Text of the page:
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TIME(7)                    Linux Programmer's Manual                   TIME(7)

       time - overview of time and timers

   Real time and process time
       Real time is defined as time measured from some fixed point, either from a standard
       point in the past (see the description of the Epoch and calendar  time  below),  or
       from some point (e.g., the start) in the life of a process (elapsed time).

       Process time is defined as the amount of CPU time used by a process.  This is some-
       times divided into user and system components.  User CPU time  is  the  time  spent
       executing  code in user mode.  System CPU time is the time spent by the kernel exe-
       cuting in system mode on behalf of the process (e.g., executing system calls).  The
       time(1) command can be used to determine the amount of CPU time consumed during the
       execution of a program.  A program can determine the amount of CPU time it has con-
       sumed using times(2), getrusage(2), or clock(3).

   The Hardware Clock
       Most  computers  have  a (battery-powered) hardware clock which the kernel reads at
       boot time in order to initialize the software  clock.   For  further  details,  see
       rtc(4) and hwclock(8).

   The Software Clock, HZ, and Jiffies
       The accuracy of various system calls that set timeouts, (e.g., select(2), sigtimed-
       wait(2)) and measure CPU time (e.g., getrusage(2)) is limited by the resolution  of
       the  software  clock,  a  clock  maintained  by  the  kernel which measures time in
       jiffies.  The size of a jiffy is determined by the value of the kernel constant HZ.

       The  value of HZ varies across kernel versions and hardware platforms.  On i386 the
       situation is as follows: on kernels up to and including 2.4.x, HZ was 100, giving a
       jiffy  value  of 0.01 seconds; starting with 2.6.0, HZ was raised to 1000, giving a
       jiffy of 0.001 seconds.  Since kernel 2.6.13, the HZ value is a  kernel  configura-
       tion  parameter and can be 100, 250 (the default) or 1000, yielding a jiffies value
       of, respectively, 0.01, 0.004, or 0.001 seconds.  Since kernel  2.6.20,  a  further
       frequency  is  available:  300,  a  number that divides evenly for the common video
       frame rates (PAL, 25 HZ; NTSC, 30 HZ).

       The times(2) system call is a special case.  It reports times  with  a  granularity
       defined  by  the kernel constant USER_HZ.  Userspace applications can determine the
       value of this constant using sysconf(_SC_CLK_TCK).

   High-Resolution Timers
       Before Linux 2.6.21, the accuracy of timer and sleep system calls (see  below)  was
       also limited by the size of the jiffy.

       Since  Linux  2.6.21, Linux supports high-resolution timers (HRTs), optionally con-
       figurable via CONFIG_HIGH_RES_TIMERS.  On a system that supports HRTs, the accuracy
       of  sleep and timer system calls is no longer constrained by the jiffy, but instead
       can be as accurate as the hardware allows (microsecond accuracy is typical of  mod-
       ern  hardware).   You can determine whether high-resolution timers are supported by
       checking the resolution returned by a call to clock_getres(2)  or  looking  at  the
       "resolution" entries in /proc/timer_list.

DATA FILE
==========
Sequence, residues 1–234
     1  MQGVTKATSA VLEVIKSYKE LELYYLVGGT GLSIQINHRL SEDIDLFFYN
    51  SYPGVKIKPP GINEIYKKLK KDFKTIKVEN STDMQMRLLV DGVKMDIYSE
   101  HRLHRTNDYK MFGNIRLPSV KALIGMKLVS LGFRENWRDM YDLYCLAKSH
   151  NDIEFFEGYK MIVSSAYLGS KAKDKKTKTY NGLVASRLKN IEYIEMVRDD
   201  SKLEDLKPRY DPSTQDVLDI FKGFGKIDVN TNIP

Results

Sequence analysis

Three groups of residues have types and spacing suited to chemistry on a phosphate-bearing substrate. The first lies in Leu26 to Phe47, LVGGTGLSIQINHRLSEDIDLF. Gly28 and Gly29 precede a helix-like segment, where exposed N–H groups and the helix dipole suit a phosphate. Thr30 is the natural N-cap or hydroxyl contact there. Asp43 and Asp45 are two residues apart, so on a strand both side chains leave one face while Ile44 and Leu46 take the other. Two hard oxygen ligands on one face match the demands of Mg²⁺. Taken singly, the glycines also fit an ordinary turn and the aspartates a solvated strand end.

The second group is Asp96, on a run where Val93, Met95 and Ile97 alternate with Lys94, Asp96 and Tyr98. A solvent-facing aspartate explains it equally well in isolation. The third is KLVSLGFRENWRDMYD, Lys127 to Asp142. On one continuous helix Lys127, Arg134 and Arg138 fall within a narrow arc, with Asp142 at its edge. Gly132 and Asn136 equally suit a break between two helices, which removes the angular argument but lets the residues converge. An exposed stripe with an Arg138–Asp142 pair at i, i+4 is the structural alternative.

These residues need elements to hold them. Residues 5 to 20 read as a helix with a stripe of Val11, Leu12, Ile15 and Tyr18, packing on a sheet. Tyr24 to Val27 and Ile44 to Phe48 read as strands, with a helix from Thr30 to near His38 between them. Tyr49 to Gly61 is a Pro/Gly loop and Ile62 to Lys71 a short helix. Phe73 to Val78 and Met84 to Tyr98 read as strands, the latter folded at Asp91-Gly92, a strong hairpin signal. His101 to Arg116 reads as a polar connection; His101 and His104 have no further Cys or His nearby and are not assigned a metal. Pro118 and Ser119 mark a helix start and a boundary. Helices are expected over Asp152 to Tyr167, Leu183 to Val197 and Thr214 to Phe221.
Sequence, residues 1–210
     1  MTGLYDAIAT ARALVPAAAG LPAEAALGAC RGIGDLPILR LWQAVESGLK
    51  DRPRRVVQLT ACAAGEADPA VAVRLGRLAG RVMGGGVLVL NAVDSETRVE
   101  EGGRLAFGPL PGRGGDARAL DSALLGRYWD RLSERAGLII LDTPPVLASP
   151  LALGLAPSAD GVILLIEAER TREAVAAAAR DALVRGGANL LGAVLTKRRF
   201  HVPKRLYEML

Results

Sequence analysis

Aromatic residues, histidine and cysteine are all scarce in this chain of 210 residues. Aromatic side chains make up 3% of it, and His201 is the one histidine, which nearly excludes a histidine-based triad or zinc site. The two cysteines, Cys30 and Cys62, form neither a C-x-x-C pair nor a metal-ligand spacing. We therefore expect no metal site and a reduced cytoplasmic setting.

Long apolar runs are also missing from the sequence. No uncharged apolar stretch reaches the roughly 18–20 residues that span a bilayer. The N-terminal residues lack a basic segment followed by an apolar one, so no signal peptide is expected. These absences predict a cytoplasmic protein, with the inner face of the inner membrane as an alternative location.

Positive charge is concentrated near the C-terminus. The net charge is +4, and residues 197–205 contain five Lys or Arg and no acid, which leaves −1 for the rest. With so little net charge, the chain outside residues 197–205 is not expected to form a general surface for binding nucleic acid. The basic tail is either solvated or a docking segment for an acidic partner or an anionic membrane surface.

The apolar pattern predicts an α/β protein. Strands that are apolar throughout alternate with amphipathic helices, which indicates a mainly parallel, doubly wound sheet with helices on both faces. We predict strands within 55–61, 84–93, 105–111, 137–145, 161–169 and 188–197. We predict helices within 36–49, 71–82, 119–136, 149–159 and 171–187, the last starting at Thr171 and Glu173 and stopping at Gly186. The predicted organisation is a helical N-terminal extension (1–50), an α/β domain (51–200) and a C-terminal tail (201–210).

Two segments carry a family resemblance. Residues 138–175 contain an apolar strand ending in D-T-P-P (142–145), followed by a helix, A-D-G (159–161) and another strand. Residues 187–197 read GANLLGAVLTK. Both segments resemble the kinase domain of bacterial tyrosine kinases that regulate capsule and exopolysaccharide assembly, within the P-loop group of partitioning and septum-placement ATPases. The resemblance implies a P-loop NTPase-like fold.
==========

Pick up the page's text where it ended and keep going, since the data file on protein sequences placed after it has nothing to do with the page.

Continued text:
HRTs are not supported on all hardware architectures.  (Support is provided on x86,
       arm, and powerpc, among others.)

   The Epoch
       Unix systems represent time in seconds since the Epoch, which is defined as 0:00:00
       UTC on the morning of 1 January 1970.

       A program can determine the calendar time using gettimeofday(2), which returns time
       (in seconds and microseconds) that have elapsed since the Epoch;  time(2)  provides
       similar information, but only with accuracy to the nearest second.  The system time
       can be changed using settimeofday(2).

   Broken-down time
       Certain library functions use a structure of type tm to represent broken-down time,
       which  stores  time value separated out into distinct components (year, month, day,
       hour, minute, second, etc.).  This structure is described in ctime(3),  which  also
       describes functions that convert between calendar time and broken-down time.  Func-
       tions for converting between broken-down time and printable string  representations
       of the time are described in ctime(3), strftime(3), and strptime(3).

   Sleeping and Setting Timers
       Various system calls and functions allow a program to sleep (suspend execution) for
       a specified period of time; see nanosleep(2), clock_nanosleep(2), and sleep(3).

       Various system calls allow a process to set a timer that expires at some  point  in
       the  future,  and  optionally  at  repeated  intervals; see alarm(2), getitimer(2),
       timerfd_create(2), and timer_create(2).

       date(1),  time(1),  adjtimex(2),  alarm(2),  clock_gettime(2),  clock_nanosleep(2),
       getitimer(2),  getrlimit(2),  getrusage(2), gettimeofday(2), nanosleep(2), stat(2),
       time(2),  timer_create(2),  timerfd_create(2),  times(2),   utime(2),   adjtime(3),
       clock(3),  clock_getcpuclockid(3),  ctime(3),  pthread_getcpuclockid(3),  sleep(3),
       strftime(3), strptime(3), timeradd(3), usleep(3), rtc(4), hwclock(8)

       This page is part of release 3.22 of the Linux man-pages project.  A description of
       the  project, and information about reporting bugs, can be found at http://www.ker-

Linux                             2009-02-10                           TIME(7)

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